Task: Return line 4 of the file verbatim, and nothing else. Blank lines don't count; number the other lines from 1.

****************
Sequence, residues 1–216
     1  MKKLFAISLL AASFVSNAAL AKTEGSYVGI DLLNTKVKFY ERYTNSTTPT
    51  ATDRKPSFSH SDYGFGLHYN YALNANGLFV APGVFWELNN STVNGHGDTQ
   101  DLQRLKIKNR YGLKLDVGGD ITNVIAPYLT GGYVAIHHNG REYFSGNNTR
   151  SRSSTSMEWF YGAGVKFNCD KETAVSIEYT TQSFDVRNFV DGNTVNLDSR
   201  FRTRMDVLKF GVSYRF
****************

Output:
   101  DLQRLKIKNR YGLKLDVGGD ITNVIAPYLT GGYVAIHHNG REYFSGNNTR